I wonder what kind of psychological training lawnmower repair specialists have received to deal with the stories--er--lies they must hear while on the job. I got to thinking about that last night when Tony Bitton showed up at our house for his second session of fixing our Sears riding mower. He met the mower for the first time last fall when the engine had gone bad.
Tony looked it over for a second and said the engine had gone bad. He'd bring a new one. When he brought the new engine and installed it, I sold him our old riding mower and the rototiller that had worn out their welcome with repair specialists. Tony eyed both machines for their parts and gave me $125. So far, with Tony's visits, I've gotten a new engine, $125 and, most recently a new mantle. I haven't put out a penny; instead, Bill pays each month for the "Sears maintenance agreement."
In spite of the Sears maintenance agreement which generally takes care of our frequently-needed repairs, I go through a certain amount of stress with every time a lawn mower technician comes to visit. That anxiety evolves from the fear that maybe this time the repair person is going to know exactly what I did to the mower to necessitate his house call.
And, like my dentist Dr. Neuder used to do when I'd show up with a mouthful of cavities after five years between visits, the repairman could rightly give me a good, stern lecture and explain to me that mowing rocks along the ditches or jungles of six-foot high weeds in an old garden bed is not really good for the machine. Each time I face this visit, I try to think of the most reasonable excuse for why the deck is hanging by a thread.
Before Tony's visit last night, I had to talk to Sears customer service agent Irene (whose call could be monitored). She had a Southern accent.
"Now, Mizz Love, was the mower working correctly before you used it last?"
"Yes," I answered.
"Miss Love, could it have possibly hit a big object or a rock or anything like that?"
"No, I don't think so," I responded. "Actually, it was working just fine before we moved, but this lawn surface out here is kinda rough." Never mind the fact that the rough lawn probably had nothing to do with the breakdown. I wasn't gonna tell Irene that while I was mowing the overgrown garden spot the mower started smoking and making rude sounds.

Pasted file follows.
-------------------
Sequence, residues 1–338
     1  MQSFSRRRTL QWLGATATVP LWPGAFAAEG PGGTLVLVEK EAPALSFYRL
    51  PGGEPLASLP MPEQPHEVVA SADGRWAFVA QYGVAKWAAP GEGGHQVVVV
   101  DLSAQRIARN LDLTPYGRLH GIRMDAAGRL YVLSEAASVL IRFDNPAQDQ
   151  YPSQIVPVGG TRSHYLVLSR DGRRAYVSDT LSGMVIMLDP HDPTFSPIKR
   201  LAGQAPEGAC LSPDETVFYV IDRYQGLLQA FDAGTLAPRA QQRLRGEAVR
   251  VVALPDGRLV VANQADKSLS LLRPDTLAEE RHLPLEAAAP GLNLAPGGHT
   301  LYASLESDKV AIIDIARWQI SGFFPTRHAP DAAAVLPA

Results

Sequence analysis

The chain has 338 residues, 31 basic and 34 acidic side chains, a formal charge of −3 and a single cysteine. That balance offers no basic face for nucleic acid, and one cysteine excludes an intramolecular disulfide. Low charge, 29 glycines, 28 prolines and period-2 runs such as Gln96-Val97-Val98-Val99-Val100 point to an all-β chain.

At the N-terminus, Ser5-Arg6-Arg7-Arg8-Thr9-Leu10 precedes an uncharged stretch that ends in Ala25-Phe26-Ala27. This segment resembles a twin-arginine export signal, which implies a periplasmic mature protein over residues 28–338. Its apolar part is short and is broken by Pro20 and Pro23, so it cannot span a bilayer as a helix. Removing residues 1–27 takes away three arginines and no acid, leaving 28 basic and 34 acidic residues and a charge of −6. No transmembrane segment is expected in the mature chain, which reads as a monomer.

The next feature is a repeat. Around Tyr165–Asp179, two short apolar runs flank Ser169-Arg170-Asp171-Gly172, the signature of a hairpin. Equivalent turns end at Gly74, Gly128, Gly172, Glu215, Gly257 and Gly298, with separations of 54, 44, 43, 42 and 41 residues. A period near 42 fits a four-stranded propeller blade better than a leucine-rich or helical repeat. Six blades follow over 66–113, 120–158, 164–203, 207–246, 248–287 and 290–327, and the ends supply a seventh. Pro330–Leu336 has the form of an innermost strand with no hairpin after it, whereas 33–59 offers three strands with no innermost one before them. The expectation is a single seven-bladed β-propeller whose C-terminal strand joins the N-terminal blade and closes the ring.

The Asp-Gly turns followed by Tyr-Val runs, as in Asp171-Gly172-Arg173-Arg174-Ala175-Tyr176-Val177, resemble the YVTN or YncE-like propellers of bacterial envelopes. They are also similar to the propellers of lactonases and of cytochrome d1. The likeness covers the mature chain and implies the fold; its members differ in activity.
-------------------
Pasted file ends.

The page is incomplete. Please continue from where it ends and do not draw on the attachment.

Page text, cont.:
I also wasn't going to tell Bill who reasoned when he heard the mower going "clackidy, clackidy, clack" the day after the garden assault that if I'd take it the other direction on the rough lawn, it might work better. Fortunate for me, Bill, for once, suggested no guilt on my part.
Irene assured me that a repairman would call in 24 hours, which did happen. When Tony came, I was ready for my latest performance of lying by omission. He started working on the mower and soon had the deck removed.
"Looks like a mantle broke," he announced.
"Whaddya spose would cause that?" I asked.
"I dunno, " he said while removing the broken mantle and discovering that all three nuts holding it in place were broken. "Must've hit something hard."
"Well, this new lawn surface---it looks pretty, but it's pretty rough," I announced, being careful not to mention any mowing sorties through the garden spot.
Soon Tony's training for dealing with guilty lawnmower owners kicked in.
"Bad bearing," he said. "When the bearing goes, there's not much you can do."
"Whew," I thought to myself. "Got off scot free from 'the lecture' one more time." Within minutes Tony had the Craftsman mowing like a dream.
As he headed out the driveway at 8:30 p.m., finishing off another long day of Sears maintenance agreement repairs, I wondered just how many other mowers along Tony's Tuesday route had secretly assaulted garden jungles and "hit something hard."
Note: Annie's got photos from her Mt. Rainier hike yesterday. Go to (www.nnlove.blogspot.com)